Our Cato is a bit of a homes’ expert and she’s offering her advice on how you can heat your home more cheaply this winter. Here are her top tips:
Hang thicker curtains
Hanging up thicker curtains in your home is a great way to keep it lovely and toasty for less. Using thicker curtains will keep all the heat in and you won’t lose it through small gaps in the windows.
Curtains with a thermal lining are perfect or you could do some DIY ones of your own to help save costs and line the curtains you already have with cheap materials such as fleece.
Make sure curtains are open during the day, so any sunlight can still get through, as it’s important to make good use of natural and free heat such as this.
Draught proof cracks and gaps
It’s absolutely crucial to draught-proof your home, especially in the winter months. You should make sure the sealant around any doors and windows is still intact, and if not, give it another going over as this could chop off anything up to £50 a year from your heating bill. Less cold air coming in should also allow you to turn down the thermostat for further savings.
You could also use draught excluders to block off gaps under doors and ensure letter boxes are fully closed and install a letter box ‘brush’ on them to stop them letting out unnecessary heat.
Get the tin foil out
Although your heating might be switched on, you may be losing out on valuable warmth to external walls if your radiators are attached to them. This means your wall is being heated and not you or the rest of the room, so pop some reflective aluminium tin foil behind the radiator as this prevents heat disappearing through the wall by reflecting it back into the room. Foil designed especially for this purpose can be bought, or you can raid your kitchen cupboards.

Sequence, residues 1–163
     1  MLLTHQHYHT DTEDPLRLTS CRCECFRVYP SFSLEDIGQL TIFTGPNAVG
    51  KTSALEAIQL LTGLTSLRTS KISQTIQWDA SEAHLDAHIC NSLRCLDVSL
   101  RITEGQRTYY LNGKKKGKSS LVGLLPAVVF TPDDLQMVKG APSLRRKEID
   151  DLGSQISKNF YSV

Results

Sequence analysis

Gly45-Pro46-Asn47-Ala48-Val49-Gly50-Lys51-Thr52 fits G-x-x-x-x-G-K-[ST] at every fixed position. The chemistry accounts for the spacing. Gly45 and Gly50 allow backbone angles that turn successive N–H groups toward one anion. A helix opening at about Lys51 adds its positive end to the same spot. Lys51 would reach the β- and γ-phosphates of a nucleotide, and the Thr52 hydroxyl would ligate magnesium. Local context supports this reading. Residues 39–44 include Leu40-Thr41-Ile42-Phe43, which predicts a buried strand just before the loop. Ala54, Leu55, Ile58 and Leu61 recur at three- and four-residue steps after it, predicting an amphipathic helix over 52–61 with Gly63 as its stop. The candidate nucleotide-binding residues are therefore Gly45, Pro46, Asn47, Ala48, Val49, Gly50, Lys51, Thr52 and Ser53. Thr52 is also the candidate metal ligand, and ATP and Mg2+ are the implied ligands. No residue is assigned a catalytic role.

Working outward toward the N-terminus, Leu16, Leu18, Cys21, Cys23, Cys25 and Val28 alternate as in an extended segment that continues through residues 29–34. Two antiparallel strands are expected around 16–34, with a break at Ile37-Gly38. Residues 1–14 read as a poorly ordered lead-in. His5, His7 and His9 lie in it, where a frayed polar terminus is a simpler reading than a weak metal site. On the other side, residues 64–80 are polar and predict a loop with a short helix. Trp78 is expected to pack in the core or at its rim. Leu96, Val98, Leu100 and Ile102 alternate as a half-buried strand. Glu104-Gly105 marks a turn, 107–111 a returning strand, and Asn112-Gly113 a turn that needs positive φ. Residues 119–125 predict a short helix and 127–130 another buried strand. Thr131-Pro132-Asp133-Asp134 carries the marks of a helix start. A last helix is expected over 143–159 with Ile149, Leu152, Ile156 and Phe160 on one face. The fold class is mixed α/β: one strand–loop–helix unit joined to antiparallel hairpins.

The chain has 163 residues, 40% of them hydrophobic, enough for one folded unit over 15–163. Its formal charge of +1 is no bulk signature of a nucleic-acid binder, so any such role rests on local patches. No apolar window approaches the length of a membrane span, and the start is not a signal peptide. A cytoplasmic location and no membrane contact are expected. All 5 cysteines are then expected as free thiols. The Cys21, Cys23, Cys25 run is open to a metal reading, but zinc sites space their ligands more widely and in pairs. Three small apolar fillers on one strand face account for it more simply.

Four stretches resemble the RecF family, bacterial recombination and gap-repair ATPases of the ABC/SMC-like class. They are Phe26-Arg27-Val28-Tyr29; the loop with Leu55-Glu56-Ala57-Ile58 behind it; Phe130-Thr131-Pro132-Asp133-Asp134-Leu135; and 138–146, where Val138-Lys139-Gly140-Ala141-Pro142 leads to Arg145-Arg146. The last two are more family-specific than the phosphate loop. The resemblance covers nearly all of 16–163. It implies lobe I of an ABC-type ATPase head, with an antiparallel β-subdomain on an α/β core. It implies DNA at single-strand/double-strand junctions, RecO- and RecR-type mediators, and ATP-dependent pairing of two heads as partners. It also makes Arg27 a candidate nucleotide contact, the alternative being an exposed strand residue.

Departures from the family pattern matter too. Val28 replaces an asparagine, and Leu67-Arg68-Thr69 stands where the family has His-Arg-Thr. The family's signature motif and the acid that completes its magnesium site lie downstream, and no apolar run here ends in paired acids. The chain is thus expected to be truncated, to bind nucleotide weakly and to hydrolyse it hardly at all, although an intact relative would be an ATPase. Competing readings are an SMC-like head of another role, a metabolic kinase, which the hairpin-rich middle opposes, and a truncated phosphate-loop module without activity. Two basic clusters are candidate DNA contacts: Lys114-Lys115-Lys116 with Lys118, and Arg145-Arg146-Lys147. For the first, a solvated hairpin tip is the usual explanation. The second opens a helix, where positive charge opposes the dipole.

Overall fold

You should also avoid placing pieces of furniture in front of radiators as this will absorb the heat.
Dress up bare floor boards
Although wooden floors and bare floor boards may look super stylish, they aren’t great for warming up your home, as heat can be lost between boards and through gaps. Walking on cold floor boards or even on stone/concreate flooring will make you feel much colder too.
Investing in new carpets can work out rather costly, so a good temporary solution is to use rugs as they can be taken up again and stored once the weather warms up a bit. Fluffy rugs can cover any gaps and help keep the home warm and cosy, they’re also lovely to walk on.
Close off rooms that aren’t used
If you have a spare room, junk room or an office that isn’t used often, it’s a good idea to switch off all radiators or electric heaters in it so you’re not warming it up unnecessarily.
This will allow you to keep the heat in the rooms you and your family want and need it in and to make sure any heat doesn’t escape into an unused room, always keep the door shut and plug any gaps underneath it with a draught excluder. You should also still make sure gaps and cracks in windows and floors are filled or covered.
Heating up a home is tricky but heating yourself can be easy. Making sure you have lots of snuggly jumpers, hot water bottles and slippers on-hand is the best way to keep yourself toasty.
You should also ensure you have lots of blankets and throws dotted around the house that you can pick up and wrap yourself up in. Blankets and throws can work great with your interiors too if you buy them in colours and patterns that compliment your décor. They can also be stored away in the warmer months along with any rugs and winter curtains.